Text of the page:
Summary: In his anger Jonah seeks to extinguish the grace and compassion which God has shown to Nineveh. As we go through life we need to be aware of those times when we have also extinguished the grace of God and found ourselves in a place where God is asking, “Do you have a right to be angry?”

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Jonah 4:1-4

A Grace Extinguisher And A Merciful God

Let’s get a summary of Jonah’s evangelism crusade to Nineveh.

Jonah proclaimed, “Forty more days and Nineveh will be overthrown.”

The Ninevites believed God.

The king proclaimed, “ Let everyone call urgently on God. Let them give up their evil ways and their violence.”

When God saw what they did he relented.

In the great city of Nineveh there are more than a hundred and twenty thousand people.

By any measure that is a successful crusade. The whole city responded.

If I had the chance to preach to 120,000 people and ten of those came to faith, I would be rejoicing. We all would. So what Jonah does next is … feels … unfathomable.

1 But to Jonah this seemed very wrong, and he became angry. 2 He prayed to the Lord, “Isn’t this what I said, Lord, when I was still at home? That is what I tried to forestall by fleeing to Tarshish. I knew that you are a gracious and compassionate God, slow to anger and abounding in love, a God who relents from sending calamity. 3 Now, Lord, take away my life, for it is better for me to die than to live.”

4 But the Lord replied, “Is it right for you to be angry?”

Jonah 4:1-4

It is wrong for God to relent from showing punishment.

Jonah is a prophet who is very familiar with the relenting of God – just read through the book of Exodus and Numbers. God relented constantly even through the people proved themselves to be “a stiff-necked people” who were never grateful for what God was doing.

And where was Jonah not that long ago. If God didn’t relent Jonah would be dead in the bottom of the sea!

It is wrong for God to be consistent to His character.

Even when I was at home in Gath Hepher I knew this would happen. I knew that I would go into Nineveh and preach and then people would repent and then you would forgive.

I knew it

You are a God who slow to anger and abounding in love, a God who relents from sending calamity. It is wrong for you to be like that.

“Slow to anger and abounding in love.”

You will find this phrase 7 times in Scripture … on every other occasion it is used in the context of hope and renewal. Here it is seen as a curse. Jonah angrily derides these wonderful attributes of God.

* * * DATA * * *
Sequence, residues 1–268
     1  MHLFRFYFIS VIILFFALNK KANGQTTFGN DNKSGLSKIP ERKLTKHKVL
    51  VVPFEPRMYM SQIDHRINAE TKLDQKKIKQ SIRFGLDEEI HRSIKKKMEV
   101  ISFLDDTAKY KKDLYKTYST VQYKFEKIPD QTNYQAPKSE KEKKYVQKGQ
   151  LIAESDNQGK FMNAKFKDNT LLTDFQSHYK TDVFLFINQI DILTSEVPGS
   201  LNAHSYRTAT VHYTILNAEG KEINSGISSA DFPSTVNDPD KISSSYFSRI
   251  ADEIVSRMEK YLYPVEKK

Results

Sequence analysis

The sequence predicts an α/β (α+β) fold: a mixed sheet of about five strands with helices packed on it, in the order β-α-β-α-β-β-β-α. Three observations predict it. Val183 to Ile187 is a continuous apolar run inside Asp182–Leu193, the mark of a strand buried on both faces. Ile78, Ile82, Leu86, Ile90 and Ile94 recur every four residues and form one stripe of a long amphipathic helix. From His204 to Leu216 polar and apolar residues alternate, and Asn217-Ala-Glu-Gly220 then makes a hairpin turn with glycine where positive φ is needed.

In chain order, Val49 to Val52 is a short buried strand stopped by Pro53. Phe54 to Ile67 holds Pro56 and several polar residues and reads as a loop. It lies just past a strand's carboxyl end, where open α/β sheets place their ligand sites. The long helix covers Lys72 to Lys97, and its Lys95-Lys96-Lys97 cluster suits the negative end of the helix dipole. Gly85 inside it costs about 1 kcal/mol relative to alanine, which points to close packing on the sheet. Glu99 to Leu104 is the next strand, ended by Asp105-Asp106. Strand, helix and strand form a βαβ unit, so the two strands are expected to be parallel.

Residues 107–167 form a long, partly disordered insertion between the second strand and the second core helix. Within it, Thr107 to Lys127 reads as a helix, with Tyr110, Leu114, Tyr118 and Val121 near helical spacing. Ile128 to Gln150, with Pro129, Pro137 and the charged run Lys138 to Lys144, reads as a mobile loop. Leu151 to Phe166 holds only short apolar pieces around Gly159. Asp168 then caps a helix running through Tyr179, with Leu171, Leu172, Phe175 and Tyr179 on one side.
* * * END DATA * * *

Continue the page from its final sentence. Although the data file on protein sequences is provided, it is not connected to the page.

You have acted so wrongly I just want to die.

I have had enough … enough of your graciousness and compassion.

I want nothing to do with this whole situation. I certainly don’t want to go back to Israel and let everyone know what I have done.

Let’s just end it now.

Jonah would have to be the most thankless successful evangelist … ever.

Walking through the door of his home in Gath Hepher, “Honey, I home.”

“How did the trip go dear?”

“Well, I had a bit of a detour, but when I got there 120,000 people repented in less than three days.”

“That sounds amazing.”

“Not really, it was my worst crusade ever.”

Who thinks like that?

Well, actually, there are a group of people who think like that.

I’m going to call them “grace-extinguishers”.

There is a grace-extinguisher in the parable of the forgiving father.

The younger son takes his inheritance and blows it all.

The father keeps waiting and, when the son returns, runs to him and then treats him with the best.

The grace-extinguisher is the older son.

“All these years I’ve been slaving for you and never disobeyed your orders. Yet you never gave me even a young goat so I could celebrate with my friends. But when this son of yours who has squandered your property with prostitutes comes home, you kill the fattened calf for him!”

Luke 15:29-30

There is no joy about the return of the lost brother.

Or a thankfulness of a restored family.

All he has is a feeling of being unappreciated.

Showing compassion just seems wrong. All the brother wants to do is extinguish the effects of grace.

The is another “grace-extinguisher” in the parable of the workers in the vineyard.

These were the workers that were able to get work at 6:00am, at the beginning of the day. All day they have been watching as more and more workers come

… at 9:00am

… at 12:00pm

… at 3:00pm

… and a group at 5:00pm.

Basically the last group hired pack up some tools and hose out the sheds. But when it gets to the pay-time everyone gets the same amount of pay … one denarii for one day’s work … as was agreed buy all.

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